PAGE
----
Jimmie Dale Gilmore & Colin Gilmore | Montrose Room | Folk & Country | Chicago Reader

Jimmie Dale Gilmore & Colin Gilmore Early Warnings (Music) Recommended Soundboard

When: Fri., May 11, 8:30 p.m. 2012

In the late 60s and early 70s a wave of young artists who grew up on country music but had more in common with hippies than they did with typical country fans sought to rescue the form from what they saw as its reactionary social views and bedazzled Nashville extravagance—thus making room for pot smokers with long hair and progressive politics who happened to like Hank Williams every bit as much as any redneck did. Jimmie Dale Gilmore was among them, teaming up with Joe Ely and Butch Hancock in 1972 to form the Flatlanders, who played Hank-inspired throwback country that combined an affability that was more peacenik than shitkicker with an obvious, unironic affection for the cornier parts of the genre's history. Later in the decade Gilmore stepped away from music to study metaphysics at an ashram, but since the late 80s he's been making gentle, nostalgic records as a solo artist—and he stole several scenes in The Big Lebowski playing Smokey, the gentle aging hippie he closely resembles in real life. He's touring with his son, Colin, who's inherited his dad's tastes. —Miles Raymer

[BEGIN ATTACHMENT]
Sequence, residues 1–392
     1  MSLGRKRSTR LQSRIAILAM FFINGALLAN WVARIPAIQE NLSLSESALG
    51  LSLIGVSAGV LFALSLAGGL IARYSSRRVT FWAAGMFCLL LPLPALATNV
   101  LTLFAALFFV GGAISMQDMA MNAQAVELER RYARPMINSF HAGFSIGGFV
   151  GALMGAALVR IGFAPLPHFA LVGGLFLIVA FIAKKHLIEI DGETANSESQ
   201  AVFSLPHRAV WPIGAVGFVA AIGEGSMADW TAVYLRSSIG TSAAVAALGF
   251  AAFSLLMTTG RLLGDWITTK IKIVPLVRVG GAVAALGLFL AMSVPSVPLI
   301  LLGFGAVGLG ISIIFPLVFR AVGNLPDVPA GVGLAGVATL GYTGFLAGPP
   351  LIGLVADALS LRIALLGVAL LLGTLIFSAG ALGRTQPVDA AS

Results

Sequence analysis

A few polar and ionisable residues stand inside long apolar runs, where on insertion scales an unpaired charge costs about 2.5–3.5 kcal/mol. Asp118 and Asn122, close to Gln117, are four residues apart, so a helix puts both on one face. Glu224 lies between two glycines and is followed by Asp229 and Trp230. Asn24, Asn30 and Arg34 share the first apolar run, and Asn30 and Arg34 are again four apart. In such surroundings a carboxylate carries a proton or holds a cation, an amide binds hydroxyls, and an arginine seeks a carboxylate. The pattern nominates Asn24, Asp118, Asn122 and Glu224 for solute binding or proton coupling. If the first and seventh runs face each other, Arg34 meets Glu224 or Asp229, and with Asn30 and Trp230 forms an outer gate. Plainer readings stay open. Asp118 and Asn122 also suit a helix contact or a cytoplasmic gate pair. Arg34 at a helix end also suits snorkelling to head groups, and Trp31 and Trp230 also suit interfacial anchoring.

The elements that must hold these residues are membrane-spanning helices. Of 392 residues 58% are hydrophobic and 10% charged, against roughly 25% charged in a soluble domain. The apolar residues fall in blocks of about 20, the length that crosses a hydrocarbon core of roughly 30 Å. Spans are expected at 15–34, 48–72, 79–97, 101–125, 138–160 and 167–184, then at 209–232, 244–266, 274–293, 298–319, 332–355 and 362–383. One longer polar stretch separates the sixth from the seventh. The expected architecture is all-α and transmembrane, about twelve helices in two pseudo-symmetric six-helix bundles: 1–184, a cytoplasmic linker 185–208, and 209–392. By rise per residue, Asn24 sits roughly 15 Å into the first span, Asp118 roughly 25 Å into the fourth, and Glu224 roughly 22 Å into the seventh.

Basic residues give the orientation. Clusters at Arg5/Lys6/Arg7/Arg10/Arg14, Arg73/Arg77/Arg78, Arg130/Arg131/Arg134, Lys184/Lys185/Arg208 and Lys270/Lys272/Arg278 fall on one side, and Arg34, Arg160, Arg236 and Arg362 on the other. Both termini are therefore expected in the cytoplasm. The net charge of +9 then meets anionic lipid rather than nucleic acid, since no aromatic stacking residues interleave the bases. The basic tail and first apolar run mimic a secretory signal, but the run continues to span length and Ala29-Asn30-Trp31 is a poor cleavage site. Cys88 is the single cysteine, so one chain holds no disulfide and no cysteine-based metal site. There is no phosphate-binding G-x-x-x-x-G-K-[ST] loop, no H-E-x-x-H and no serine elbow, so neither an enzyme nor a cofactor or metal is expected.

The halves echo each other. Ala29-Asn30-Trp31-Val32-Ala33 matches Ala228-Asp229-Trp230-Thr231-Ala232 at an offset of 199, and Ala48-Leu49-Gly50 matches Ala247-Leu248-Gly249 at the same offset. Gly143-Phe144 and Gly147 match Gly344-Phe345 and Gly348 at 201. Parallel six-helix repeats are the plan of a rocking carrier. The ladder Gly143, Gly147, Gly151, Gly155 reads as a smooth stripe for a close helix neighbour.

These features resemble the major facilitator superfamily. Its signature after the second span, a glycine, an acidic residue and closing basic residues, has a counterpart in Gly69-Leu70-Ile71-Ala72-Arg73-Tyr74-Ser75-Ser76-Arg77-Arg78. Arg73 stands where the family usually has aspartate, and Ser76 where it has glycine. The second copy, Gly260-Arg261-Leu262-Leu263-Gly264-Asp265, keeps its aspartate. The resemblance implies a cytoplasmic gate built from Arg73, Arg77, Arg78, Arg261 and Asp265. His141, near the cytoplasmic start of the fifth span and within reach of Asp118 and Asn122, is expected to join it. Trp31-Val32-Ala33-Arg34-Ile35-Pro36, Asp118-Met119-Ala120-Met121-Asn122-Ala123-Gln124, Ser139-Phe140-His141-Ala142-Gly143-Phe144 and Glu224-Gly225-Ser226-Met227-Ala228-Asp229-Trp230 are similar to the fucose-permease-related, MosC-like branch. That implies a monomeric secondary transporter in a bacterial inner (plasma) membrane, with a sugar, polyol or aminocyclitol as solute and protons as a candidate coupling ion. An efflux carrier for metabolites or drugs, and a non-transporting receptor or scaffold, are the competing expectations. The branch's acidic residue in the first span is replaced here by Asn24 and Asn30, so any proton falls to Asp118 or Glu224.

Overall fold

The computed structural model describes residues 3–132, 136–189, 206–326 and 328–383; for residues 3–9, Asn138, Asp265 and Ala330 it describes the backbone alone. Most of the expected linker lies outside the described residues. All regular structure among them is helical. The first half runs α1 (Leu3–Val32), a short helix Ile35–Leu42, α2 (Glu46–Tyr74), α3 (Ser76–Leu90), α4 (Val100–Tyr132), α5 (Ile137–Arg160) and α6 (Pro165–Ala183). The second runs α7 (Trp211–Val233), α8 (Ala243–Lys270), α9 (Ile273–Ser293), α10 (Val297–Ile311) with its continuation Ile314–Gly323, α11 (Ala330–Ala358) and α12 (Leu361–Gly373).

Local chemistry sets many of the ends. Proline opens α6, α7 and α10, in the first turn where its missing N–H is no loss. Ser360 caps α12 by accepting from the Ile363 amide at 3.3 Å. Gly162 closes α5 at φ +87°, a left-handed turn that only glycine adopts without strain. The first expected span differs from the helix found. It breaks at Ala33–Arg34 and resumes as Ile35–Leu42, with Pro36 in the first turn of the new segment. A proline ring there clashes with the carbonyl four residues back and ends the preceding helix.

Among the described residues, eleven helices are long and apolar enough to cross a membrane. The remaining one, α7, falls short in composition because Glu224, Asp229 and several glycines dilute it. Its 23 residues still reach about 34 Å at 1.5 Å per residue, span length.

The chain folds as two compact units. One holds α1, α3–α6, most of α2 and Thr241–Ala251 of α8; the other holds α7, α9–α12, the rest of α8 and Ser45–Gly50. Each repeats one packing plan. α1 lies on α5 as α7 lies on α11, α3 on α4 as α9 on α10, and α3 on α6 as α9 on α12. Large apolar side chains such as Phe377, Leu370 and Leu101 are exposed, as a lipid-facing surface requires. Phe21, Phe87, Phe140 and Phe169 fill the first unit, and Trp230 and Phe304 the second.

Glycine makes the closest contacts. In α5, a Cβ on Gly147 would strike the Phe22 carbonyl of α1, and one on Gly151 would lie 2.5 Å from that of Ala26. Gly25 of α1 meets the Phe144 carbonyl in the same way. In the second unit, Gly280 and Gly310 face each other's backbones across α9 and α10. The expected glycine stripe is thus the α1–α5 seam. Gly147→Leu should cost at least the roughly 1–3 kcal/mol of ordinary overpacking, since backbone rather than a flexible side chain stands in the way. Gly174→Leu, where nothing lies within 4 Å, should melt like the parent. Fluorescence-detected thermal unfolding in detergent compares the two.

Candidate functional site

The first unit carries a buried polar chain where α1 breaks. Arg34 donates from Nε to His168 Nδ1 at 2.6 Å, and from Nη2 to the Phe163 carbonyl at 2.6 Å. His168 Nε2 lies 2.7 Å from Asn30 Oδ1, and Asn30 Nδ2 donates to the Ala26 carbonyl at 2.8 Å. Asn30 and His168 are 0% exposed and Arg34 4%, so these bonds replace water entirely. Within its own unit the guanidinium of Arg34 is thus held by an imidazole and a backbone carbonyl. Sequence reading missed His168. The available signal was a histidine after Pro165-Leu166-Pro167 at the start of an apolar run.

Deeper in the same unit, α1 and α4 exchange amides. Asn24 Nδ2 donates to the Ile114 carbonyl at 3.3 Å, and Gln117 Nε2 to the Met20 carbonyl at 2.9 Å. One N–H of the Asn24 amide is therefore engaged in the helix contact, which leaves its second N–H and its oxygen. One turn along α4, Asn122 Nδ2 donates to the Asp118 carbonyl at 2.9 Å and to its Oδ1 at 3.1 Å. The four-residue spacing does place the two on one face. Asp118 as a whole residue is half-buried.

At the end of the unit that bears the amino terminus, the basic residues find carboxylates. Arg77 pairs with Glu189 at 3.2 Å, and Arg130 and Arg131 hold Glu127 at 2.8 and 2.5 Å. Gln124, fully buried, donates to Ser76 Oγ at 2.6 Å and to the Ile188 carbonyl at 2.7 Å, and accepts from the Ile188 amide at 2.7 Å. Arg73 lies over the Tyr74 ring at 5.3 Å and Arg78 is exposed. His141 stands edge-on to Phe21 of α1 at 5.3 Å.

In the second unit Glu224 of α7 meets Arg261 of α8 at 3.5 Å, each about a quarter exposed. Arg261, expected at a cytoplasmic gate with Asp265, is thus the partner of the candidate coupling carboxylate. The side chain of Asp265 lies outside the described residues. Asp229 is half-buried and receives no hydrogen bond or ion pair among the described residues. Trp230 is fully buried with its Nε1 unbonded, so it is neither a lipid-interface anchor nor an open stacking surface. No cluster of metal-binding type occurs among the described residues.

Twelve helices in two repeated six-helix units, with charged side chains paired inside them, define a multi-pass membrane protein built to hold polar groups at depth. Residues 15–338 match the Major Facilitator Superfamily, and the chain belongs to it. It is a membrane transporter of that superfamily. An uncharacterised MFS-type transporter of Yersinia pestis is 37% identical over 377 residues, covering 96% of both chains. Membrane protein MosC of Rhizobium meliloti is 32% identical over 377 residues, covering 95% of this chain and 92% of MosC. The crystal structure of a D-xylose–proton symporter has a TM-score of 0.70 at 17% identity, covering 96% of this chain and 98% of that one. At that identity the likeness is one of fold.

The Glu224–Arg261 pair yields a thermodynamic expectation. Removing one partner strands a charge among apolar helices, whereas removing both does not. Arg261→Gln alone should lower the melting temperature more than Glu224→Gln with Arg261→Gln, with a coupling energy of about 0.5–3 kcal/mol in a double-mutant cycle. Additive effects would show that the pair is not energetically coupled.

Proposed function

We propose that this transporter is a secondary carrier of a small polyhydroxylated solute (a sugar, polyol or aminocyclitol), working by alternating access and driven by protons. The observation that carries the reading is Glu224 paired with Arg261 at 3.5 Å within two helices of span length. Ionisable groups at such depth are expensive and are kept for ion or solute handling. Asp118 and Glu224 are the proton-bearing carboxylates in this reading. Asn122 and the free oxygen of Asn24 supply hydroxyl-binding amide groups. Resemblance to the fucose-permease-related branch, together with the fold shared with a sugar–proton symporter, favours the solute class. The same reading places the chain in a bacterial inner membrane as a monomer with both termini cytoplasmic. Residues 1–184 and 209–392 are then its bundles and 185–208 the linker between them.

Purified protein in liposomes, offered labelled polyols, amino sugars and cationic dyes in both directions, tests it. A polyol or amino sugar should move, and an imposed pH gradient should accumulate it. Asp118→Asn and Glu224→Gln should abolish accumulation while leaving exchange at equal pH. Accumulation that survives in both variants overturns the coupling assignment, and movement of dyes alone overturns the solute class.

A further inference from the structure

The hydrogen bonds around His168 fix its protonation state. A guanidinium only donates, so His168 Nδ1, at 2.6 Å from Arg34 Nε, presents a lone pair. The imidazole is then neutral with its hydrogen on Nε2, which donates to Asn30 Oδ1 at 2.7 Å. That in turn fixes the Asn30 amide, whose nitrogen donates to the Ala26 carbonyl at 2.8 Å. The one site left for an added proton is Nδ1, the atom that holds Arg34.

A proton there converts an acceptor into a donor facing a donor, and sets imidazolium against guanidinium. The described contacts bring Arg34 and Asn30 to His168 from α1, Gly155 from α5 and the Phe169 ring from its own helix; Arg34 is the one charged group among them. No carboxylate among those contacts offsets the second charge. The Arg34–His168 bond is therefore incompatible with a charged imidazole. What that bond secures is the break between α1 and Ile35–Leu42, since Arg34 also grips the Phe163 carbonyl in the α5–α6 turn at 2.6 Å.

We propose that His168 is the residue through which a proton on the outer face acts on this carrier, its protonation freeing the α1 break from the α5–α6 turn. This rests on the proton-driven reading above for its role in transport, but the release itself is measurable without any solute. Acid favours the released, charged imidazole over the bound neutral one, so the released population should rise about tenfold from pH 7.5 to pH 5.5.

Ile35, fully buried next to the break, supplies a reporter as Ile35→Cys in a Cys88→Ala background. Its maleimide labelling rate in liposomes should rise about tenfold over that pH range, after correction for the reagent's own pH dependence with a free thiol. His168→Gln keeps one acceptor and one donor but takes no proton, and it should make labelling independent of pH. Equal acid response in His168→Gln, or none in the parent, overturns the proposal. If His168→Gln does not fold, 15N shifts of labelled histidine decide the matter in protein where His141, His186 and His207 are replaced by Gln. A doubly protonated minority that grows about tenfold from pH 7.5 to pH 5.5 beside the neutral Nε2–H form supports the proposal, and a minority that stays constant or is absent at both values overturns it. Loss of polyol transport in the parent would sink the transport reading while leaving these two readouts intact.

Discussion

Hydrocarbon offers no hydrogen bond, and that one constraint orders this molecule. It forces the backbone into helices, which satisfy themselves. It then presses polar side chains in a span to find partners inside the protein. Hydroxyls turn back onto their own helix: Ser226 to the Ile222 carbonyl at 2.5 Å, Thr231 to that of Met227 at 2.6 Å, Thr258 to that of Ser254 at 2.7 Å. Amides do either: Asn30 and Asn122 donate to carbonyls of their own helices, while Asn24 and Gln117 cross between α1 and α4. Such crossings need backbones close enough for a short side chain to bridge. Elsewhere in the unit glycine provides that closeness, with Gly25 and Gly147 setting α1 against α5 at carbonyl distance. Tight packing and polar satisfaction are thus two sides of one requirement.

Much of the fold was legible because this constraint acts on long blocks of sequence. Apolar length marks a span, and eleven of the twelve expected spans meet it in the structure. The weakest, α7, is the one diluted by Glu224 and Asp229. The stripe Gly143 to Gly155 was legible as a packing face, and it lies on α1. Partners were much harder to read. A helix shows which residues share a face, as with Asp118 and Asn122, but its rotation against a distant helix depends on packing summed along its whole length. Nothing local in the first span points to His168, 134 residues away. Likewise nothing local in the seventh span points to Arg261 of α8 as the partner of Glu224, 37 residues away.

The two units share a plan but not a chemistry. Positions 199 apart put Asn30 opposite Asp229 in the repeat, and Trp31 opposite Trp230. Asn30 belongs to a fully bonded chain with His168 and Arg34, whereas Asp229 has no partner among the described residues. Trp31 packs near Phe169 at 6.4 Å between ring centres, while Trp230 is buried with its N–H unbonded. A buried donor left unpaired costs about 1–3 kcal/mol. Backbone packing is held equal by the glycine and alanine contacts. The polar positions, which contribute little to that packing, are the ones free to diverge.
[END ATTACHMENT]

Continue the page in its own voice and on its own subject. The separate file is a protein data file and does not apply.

Price: $20-$40

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